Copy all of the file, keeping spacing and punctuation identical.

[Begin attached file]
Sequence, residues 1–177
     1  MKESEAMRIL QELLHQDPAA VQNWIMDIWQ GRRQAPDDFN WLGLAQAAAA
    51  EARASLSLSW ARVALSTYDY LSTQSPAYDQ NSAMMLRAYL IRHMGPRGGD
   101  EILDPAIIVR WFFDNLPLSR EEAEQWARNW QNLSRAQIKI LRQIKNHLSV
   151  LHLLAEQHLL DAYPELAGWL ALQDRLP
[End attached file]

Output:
Sequence, residues 1–177
     1  MKESEAMRIL QELLHQDPAA VQNWIMDIWQ GRRQAPDDFN WLGLAQAAAA
    51  EARASLSLSW ARVALSTYDY LSTQSPAYDQ NSAMMLRAYL IRHMGPRGGD
   101  EILDPAIIVR WFFDNLPLSR EEAEQWARNW QNLSRAQIKI LRQIKNHLSV
   151  LHLLAEQHLL DAYPELAGWL ALQDRLP